Raja: crushed in body but not in spirit

Raja: crushed in body but not in spirit

  • Sudden Conflict
  • Iraq
  • Child Protection
  • Story

April 28, 2020

“It was Friday – the day of prayer. There was fighting and bombs everywhere. I ran from my home, terrified. That’s when a bomb fell beside me.”

At 10 years of age, Raja survived a deadly explosion just feet from her. She was caught in the deadly crossfire between the Iraqi government and occupying ISIL forces in the city of Mosul.

Story continues after "In Short"

In Short

  • More than 2.1 million Iraqis have been displaced by conflict, and hundreds of thousands of civilians like Raja have been injured or killed.
  • Raja was severely injured by a bomb that exploded by her home, which still gives her nightmares.
  • Raja is making great strides in recovery at a World Vision Child-friendly Space.
Raja lost the ability to walk in an airstrike over her city.

Raja lost the ability to walk in an airstrike over her city.

World Vision

“I remember lying on the ground,” she says. “I looked at my hand bleeding. There was blood coming from my stomach.” She lost her hand in the explosion, and even after multiple reconstructive surgeries, her feet and legs are still badly damaged.

She wouldn’t have a wheelchair until many months later. Before then, she had to be carried everywhere. In some ways, her loss of physical independence was just as painful as her injuries.

The care received from World Vision staff is helping Raja work through the trauma.

The care received from World Vision staff is helping Raja work through the trauma.

World Vision

Two years after the city’s liberation, hundreds of child survivors like Raja were still afraid to leave their homes. Urban war zones like Mosul are filled with buildings on the verge of collapse and undetonated explosives. Raja’s house, though damaged by the explosion itself, felt safer than the uncertainty and exposure of the outdoors.

“I didn’t want to leave home, so I stayed inside,” she remembers. “Sometimes I would just sit in the doorway and feel the warmth of the sun on my face.”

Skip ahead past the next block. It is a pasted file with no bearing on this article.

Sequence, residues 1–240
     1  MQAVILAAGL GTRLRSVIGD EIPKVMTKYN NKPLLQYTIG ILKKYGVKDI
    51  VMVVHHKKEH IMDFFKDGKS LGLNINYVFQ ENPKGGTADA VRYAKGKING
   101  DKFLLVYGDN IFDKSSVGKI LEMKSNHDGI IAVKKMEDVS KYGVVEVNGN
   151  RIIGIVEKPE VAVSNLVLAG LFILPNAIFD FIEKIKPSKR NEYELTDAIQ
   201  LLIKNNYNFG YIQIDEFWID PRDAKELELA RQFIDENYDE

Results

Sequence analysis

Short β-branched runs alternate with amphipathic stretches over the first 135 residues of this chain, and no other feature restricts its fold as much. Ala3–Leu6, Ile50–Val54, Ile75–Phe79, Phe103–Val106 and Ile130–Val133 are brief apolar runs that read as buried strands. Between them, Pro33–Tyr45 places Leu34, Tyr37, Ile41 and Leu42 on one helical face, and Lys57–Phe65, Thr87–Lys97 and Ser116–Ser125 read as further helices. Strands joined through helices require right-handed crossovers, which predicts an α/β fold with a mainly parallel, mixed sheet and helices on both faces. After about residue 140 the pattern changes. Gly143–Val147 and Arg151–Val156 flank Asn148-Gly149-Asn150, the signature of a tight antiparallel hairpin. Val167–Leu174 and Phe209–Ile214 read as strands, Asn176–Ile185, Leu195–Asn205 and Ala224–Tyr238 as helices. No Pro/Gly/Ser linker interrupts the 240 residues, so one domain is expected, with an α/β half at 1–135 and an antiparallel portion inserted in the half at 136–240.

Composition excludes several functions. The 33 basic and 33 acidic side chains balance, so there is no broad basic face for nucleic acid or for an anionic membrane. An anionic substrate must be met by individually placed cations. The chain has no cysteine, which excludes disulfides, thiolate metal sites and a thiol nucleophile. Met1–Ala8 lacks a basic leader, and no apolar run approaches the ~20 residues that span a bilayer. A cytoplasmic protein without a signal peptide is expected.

Raja loves the activities in World Vision's Child-Friendly Space

Raja loves the activities in World Vision's Child-Friendly Space

World Vision

Raja started her mental and emotional recovery at a Child-friendly Space established by World Vision. She met workers who had experienced many of the same atrocities and cared deeply for kids like her. She started attending psychological counseling with a specialist who focuses on children who’ve lived through combat.

With months of professional care with her case worker, socially constructive activities at the centre, and financial assistance for her family, Raja’s spirit has mended and she’s adjusting to her new body.

“I love singing,” she says, smiling. “I love drawing pictures and painting. I like drawing mountains and rivers…because I want to go to those places.”

Although her home city is in ruins, Raja has her future in mind. “I’d like to be a doctor,” she says. “I want to be like the doctor who helped me, so I can help others too.”

What can I do?

It’s easy to feel helpless in situations like this but rest assured… you, us, everyone, together, can help make life-changing impact. And we are!

Here are two different ways you can be a part of the change.

  1. 1


    Every gift makes a difference. Our Childhood Rescue fund helps children living in the world’s most dangerous places.

  2. 2

    Share on Social Media

    Raising awareness is vital. Help make people aware of the situation and the difference we can make, together.

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2 million

people are displaced

4.1 million

Iraqis are in need of humanitarian aid

The land of Iraq is situated over the historical region of ancient Mesopotamia located between the Tigris and the Euphrates rivers. This area is referred to as the Cradle of civilisation where mankind began to read, write and create laws.

Ever since US troops invaded Iraq in 2003, various armed groups have been struggling for control.

  • Unpredictable acts of terrorism injure innocent people every day
  • High unemployment and government corruption are persistent problems for the country. Many children are susceptible to trafficking and recruitment as child soldiers
  • 1.9 million children in Iraq are in need of humanitarian need - the equivalent of the population of a city like Brussels or Baltimore.